Melting ice reveals unknown species in Antarctica
Melting ice reveals unknown species in Antarctica
Global warming a bonanza for marine research
February 26, 2007
An expedition to an area of seabed recently exposed by melting ice in Antarctica has discovered several previously unknown species of marine life, including deep sea lilies, gelatinous sea squirts, glass sponges, amphipod crustaceans, and orange starfish. The findings were announced Sunday by the Census of Antarctic Marine Life, a 10-year effort to map the biodiversity of the world’s oceans.
“The breakup of these ice shelves opened up huge, near pristine portions of the ocean floor, sealed off from above for at least 5,000 years, and possibly up to 12,000 years in the case of Larsen B,” said Julian Gutt, a marine ecologist at Germany’s Alfred Wegener Institute for Polar and Marine Research and chief scientist on the Polarstern expedition.
First observation of the living color pattern of the recently described Antarctic sea anemone Stephanthus antarcticus (Rodriguez, Lopez-Gonzalez, 2003). © P. Lopez, University of Sevilla, 2007.
Antarctic octopus (Paraledone turqueti). © E. Jorgensen, NOAA 2007.
Antarctic Ice Fish. As an adaptation to low temperatures, the Antarctic ice fish has no red blood pigments (haemoglobine) and no red blood cells. Thus the blood is more fluid and the animals save energy otherwise needed to pump blood through their body. Interestingly the brittle stars are overgrown by a yellow sponge. © J. Gutt, Alfred-Wegener-Institute 2007.
A new giant Antarctic amphipod crustacean, nearly 100 mm long, belonging to the genus Eusirus sampled by baited traps off the Antarctic Penisula during the RV Polarstern expedition ANTXXIII/8 in the Weddell Sea 2006/07. © C. d’Udekem, Royal Belgium Institute for Natural Sciences, 2007.
A new species of Shackletonia, an amphipod crustacean sampled near Elephant Island, Antarctic Peninsula, during the RV Polarstern expedition ANTXXIII/8 in the Weddell Sea 2006/07. © C. d’Udekem, Royal Belgium Institute for Natural Sciences, 2007.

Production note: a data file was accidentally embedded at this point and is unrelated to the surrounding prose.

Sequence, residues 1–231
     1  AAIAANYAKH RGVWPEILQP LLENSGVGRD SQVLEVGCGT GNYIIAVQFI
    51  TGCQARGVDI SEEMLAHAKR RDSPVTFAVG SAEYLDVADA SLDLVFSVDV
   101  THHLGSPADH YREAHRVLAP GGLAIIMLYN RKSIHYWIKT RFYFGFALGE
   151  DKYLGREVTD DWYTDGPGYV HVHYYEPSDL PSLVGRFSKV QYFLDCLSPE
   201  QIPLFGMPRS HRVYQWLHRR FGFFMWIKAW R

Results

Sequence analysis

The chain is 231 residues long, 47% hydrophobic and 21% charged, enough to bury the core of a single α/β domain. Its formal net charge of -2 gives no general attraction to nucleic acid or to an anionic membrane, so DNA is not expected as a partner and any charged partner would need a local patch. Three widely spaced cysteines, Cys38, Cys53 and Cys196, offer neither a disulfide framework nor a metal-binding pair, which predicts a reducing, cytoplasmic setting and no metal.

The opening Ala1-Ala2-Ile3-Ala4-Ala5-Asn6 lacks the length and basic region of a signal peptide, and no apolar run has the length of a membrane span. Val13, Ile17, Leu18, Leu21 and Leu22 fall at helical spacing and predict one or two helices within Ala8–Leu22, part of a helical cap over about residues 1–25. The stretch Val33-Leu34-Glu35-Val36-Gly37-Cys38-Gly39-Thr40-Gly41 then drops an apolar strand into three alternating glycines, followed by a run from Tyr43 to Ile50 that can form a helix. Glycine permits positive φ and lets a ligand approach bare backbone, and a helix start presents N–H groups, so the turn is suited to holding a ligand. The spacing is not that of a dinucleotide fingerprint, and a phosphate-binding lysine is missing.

Glass Sponge (Larsen A). Different to Larsen B, Larsen A was probably not permanently covered by ice shelf since the last glaciation period. Here, at Larsen A, the expedition found large glass sponges, which are extremely slow-growing and, as a consequence, must have already existed before the recent disintegration of the ice shelf. © J. Gutt, Alfred-Wegener-Institute 2007.
“The collapse of the Larsen shelves may tell us about impacts of climate-induced changes on marine biodiversity and the functioning of the ecosystem. Until now, scientists have glimpsed life under Antarctica’s ice shelves only through drill holes. We were in the unique position to sample wherever we wanted in a marine ecosystem considered one of the least disturbed by humankind anywhere on the planet.”
“This knowledge of biodiversity is fundamental to understanding ecosystem functioning. The results of our efforts will advance our ability to predict the future of our biosphere in a changing environment,” Gutt added.
The expedition found evidence of rapid colonization of the newly exposed sea beds, discovering deep sea lilies, sea cucumbers and sea urchins thriving in the shallow waters of the Larsen zone. They also found dense patches of sea squirts and slow-growing animals known as glass sponges. In total, the scientists collected around 1000 species, some of which may be new to science.
“It was surprising how fast such a new habitat was used and colonized by Minke whales in considerable densities,” says specialist Dr. Meike Scheidat of Germany. “They indicate that the ecosystem in the water column changed considerably.”
“Predicting the future of higher levels in the food chain, e.g. animals living at the sea-floor or fish, is very difficult. It is for example clear that in the Larsen zone a
major biodiversity shift will happen and the unique under-ice shelf system will disappear in this limited area, but we have to analyze carefully our raw data to provide, as a first step, a basis for such predictions. Besides modeling, further observations and ecological field studies are necessary.”
“This is virgin geography. If we don’t find out what this area is like now following the collapse of the ice shelf, and what species are there, we won’t have any basis to know in 20 years’ time what has changed, and how global warming has altered the marine ecosystem,” said Gauthier Chapelle, a biologist at the Brussels based International Polar Foundation.
“The Southern Ocean spans 35 million square km — 10% of Earth’s ocean surface, and ice shelves cover 1.5 million square km of it,” added Tarik Chekchak, Program Manager of the Cousteau Society. “When Captain Cousteau explored Antarctica aboard the Calypso in 1972-73, the Larsen B ice shelf was 3,250 square km bigger and krill abundance in the Peninsula was much higher than today. The annual local temperature has risen 2.5 °C since the 1940’s.”
“Impacts of these changes on the Southern Ocean ecosystem are substantial. Interplay between ocean circulation, sea ice extent, ice shelf cover and the iceberg’s mechanical action on the sea bed seem to determine the characteristics of some key planktonic and benthic communities. In a changing environment, the results of the CAML efforts are key to advancing our ability to understand our biosphere, inform public debate and allow decision-makers to lead us into a more sustainable future,” Chekchak concluded.
This article is based on a news release from COML.